The lithospheric mantle beneath the FMC
In the past decades, peridotite or pyroxenite xenoliths have been used to decipher the composition and evolution of the lithospheric mantle beneath the FMC (e.g., Mercier and Nicolas, 1975; Downes, 1987; Downes and Dupuy, 1987; Nicolas et al., 1987; Werling and Altherr, 1997; Zangana et al., 1997, 1999; Xu et al., 1998; Lenoir et al., 2000; Lorand and Alard, 2001; Lorand et al., 2003; Downes et al., 2003, 2015; Féménias et al., 2003, 2004, 2005; Berger et al., 2005, 2007; Wittig et al., 2006, 2007; Touron et al., 2008; Yoshikawa et al., 2010; Harvey et al., 2010; Uenver-Thiele et al., 2014; France et al., 2015).
Among these, Lenoir et al. (2000) integrated textural observations with bulk rock major and trace element compositions of peridotite xenoliths widely distributed in the FMC (25 volcanic centers) and identified two distinct lithospheric mantle domains to the North and South of a boundary at ~45°30’N (Fig. 2-2). They suggest that the northern domain could be considerd as a cratonic sub-continental lithospheric mantle. The southern domain lies surrounding the northern one and they merged together during the Variscan orogeny. Peridotites for the northern domain are mainly protogranular in texture, more refractory in chemical compositions with Sr-Nd isotopic compositions largely overlapping the compositional field of the European Asthenospheric Reservoir, whereas peridotites from the southern domain are coarse-granular, more fertile with MORB-like Sr-Nd isotopic compositions (Lenoir et al., 2000; Downes et al., 2003). Both domains have been metasomatized to different degrees, with highly incompatible element and LREE enrichment more pronounced in the northern domain (Lenoir et al., 2000; Downes et al., 2003). Additionally, remarkable HFSE negative anomalies as an indicator of carbonatitic metasomatism have often been observed in xenoliths from the northern domain, but not in xenoliths from the southern domain (Lenoir et al., 2000; Downes et al., 2003; Witting et al., 2007). Thus, it has been proposed that the northern and southern domain of the FMC have been metasomatized by different types of agents, fluid/carbonatitic melt and silicate melt, respectively (Wittig et al., 2007). However, the metasomatic agents recorded in peridotites and pyroxenites from the FMC have sometimes been attributed to a deep, recycled, and enriched component, possibly related to Variscan subduction (Downes and Dupuy, 1987; Touron et al., 2008; Yoshikawa et al., 2010). In-situ measurements of amphibole D/H ratios in peridotites from the FMC have presented high values, which were associated with recycled surficial materials through Variscan subduction (Deloule et al., 1991).
The sampling localities
Peridotite xenoliths studied herein were sampled in two localities, both belonging to the southern FMC domain (Fig. 2-2). One is the Ringue quarry in Allègre (Fig. 2-4a), situated in a solidified lava lake that filled a maar ~3 Ma ago. In the field, xenoliths from different levels were found, including granite, gneisses, and spinel peridotites.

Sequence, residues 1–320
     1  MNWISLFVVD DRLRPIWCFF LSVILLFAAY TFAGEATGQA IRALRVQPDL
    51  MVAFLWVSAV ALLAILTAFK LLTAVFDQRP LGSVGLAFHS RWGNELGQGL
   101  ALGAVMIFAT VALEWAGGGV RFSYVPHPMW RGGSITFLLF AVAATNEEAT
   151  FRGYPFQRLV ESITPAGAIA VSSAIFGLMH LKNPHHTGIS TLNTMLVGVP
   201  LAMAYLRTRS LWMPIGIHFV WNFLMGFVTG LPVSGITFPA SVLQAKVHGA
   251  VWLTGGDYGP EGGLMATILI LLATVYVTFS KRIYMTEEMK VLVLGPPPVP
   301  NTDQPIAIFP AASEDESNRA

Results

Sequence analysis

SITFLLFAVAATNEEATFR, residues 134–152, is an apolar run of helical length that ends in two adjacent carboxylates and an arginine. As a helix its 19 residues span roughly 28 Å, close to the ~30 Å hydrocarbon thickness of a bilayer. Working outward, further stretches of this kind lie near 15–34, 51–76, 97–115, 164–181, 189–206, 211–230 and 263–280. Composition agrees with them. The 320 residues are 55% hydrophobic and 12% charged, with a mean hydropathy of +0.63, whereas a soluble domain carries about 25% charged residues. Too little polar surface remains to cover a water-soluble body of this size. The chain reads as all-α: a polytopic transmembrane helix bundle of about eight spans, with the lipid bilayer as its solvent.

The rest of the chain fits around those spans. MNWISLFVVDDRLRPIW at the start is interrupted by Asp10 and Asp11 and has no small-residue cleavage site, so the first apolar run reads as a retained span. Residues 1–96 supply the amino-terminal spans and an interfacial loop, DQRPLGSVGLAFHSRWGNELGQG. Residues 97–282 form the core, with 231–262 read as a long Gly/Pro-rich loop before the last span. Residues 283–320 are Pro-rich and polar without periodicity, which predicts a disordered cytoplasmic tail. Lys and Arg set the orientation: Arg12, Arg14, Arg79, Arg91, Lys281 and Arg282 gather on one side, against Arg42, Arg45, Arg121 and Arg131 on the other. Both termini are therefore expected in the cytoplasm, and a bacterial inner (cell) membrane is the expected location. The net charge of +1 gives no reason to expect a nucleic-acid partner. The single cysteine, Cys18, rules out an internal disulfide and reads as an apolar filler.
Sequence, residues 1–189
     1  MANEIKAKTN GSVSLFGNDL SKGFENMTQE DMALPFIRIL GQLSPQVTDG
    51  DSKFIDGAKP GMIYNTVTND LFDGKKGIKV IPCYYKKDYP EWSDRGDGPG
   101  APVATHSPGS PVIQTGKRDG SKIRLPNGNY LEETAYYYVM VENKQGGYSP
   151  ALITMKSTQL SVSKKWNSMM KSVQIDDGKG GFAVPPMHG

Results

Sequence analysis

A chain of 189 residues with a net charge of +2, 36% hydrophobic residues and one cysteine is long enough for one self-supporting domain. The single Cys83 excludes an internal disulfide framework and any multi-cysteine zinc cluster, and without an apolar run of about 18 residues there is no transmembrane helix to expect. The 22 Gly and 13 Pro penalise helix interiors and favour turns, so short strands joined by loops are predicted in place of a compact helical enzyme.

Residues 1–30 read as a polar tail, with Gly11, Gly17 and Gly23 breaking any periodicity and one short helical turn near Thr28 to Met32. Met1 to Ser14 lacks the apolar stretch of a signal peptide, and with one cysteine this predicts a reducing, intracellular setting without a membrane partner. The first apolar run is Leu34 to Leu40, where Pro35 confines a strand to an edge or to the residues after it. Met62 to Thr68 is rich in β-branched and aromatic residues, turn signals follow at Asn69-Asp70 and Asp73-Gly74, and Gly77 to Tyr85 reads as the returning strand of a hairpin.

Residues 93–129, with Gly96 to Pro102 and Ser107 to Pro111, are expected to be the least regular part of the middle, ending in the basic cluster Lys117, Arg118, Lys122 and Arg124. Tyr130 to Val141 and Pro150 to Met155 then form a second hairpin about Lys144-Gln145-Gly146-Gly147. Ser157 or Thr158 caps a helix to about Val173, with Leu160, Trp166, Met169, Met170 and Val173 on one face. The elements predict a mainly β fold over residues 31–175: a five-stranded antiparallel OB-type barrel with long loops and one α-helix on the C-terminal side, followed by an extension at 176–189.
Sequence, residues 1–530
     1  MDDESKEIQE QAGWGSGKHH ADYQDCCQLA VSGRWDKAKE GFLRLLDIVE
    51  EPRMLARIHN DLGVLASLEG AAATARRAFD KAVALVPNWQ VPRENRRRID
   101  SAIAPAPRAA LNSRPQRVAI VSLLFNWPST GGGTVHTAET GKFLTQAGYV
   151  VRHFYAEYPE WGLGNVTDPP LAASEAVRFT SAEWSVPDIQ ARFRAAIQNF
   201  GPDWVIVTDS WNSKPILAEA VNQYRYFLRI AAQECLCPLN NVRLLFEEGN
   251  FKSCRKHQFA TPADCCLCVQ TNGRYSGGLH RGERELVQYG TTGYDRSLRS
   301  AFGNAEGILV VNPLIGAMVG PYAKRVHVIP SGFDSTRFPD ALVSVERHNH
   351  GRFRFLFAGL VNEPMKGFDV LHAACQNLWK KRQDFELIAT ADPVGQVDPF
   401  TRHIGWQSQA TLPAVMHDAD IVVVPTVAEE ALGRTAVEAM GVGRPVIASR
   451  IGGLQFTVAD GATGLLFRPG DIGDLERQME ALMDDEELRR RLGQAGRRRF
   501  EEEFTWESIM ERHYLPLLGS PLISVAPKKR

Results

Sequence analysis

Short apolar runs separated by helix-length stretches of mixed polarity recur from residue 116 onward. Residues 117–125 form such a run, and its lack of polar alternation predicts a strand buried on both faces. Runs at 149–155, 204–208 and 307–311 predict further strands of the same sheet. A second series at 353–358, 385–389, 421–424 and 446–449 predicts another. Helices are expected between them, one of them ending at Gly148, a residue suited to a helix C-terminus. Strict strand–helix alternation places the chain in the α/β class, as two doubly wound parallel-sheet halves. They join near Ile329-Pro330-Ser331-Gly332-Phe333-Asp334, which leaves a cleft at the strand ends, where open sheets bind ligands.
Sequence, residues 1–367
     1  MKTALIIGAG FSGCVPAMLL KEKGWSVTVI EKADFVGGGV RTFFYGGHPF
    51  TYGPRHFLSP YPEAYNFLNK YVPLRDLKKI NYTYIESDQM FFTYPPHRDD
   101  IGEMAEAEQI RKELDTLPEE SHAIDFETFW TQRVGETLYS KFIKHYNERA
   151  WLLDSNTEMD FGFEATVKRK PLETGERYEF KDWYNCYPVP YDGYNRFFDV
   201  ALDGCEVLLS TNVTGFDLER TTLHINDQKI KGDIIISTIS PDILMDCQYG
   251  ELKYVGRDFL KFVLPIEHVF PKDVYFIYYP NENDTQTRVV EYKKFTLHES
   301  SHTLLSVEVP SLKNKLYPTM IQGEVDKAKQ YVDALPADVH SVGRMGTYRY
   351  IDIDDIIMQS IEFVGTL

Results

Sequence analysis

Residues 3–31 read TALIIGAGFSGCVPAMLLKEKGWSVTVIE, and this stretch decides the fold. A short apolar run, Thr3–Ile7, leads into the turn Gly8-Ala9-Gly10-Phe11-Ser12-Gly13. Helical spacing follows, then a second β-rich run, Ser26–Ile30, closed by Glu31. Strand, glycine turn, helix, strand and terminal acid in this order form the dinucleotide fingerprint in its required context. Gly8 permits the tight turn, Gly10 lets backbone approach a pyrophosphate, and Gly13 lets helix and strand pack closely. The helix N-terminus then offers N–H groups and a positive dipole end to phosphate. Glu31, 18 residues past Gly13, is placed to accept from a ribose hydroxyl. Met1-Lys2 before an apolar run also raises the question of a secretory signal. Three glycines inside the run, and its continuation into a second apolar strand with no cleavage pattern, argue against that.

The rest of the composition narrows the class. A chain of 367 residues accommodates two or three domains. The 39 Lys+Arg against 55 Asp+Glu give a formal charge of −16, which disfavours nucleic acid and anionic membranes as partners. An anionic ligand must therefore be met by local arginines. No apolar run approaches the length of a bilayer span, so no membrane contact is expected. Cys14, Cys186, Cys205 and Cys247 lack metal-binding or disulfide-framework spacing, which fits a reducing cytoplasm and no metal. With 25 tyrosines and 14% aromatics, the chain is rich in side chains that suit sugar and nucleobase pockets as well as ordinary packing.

The other is the Razas Grand quarry in Mont Coupet (Fig. 2-4b). The volcano erupted in strombolian type 2 Ma years ago. Many wonderful volcanic bombs of different sizes containing peridotites xenoliths have been collected in this quarry.
Laser ablation inductively coupled plasma mass spectrometry (LA-ICP-MS)
Cpx and Amp trace element compositions were determined using LA-ICP-MS at GeoRessources Laboratory, University of Lorraine (France). Double-polished thick sections (~0.15mm thick) or thin sections were ablated in-situ using a nanosecond excimer laser (GEOLAS Pro; 193 nm wavelength) with a spot size of 44 µm at 5 Hz with an energy density of 10 J/cm2 per pulse. The ablation products were transported in a helium flow, mixed with argon gas, and then analyzed with an Agilent 7500 ICP-MS. A complete analysis comprises 30s for background acquisition and 50s for sample acquisition. The raw intensities of ions were recorded as a function of time. SiO2 contents obtained from EPMA were used as an internal standard; NIST 612 and 614, analyzed at the beginning and end of the analytical session, were used as external standards. Some minor elements in Ol from Mont Coupet samples, such as Al, Ca, Ti, Cr and Ni, were also analyzed following the same procedure.
Secondary ion mass spectrometry (SIMS)
The secondary ion mass spectrometry is an analytical technique with the ability to quantitatively detect in situ all the elements (especially for light elements, e.g., H, Li, Be, B) in the chemical periodic table with detection limits reaching part per million or below. The instrument mainly consists of a primary ion source, a mass spectrometer and a secondary ion detection system (Fig. 3-2). In present, the obstacle to the extensive application of SIMS is the dependence on standards to quantify the matrix effects strongly dependent on the chemical compositions of the analyzed materials, and the high cost for this equipment.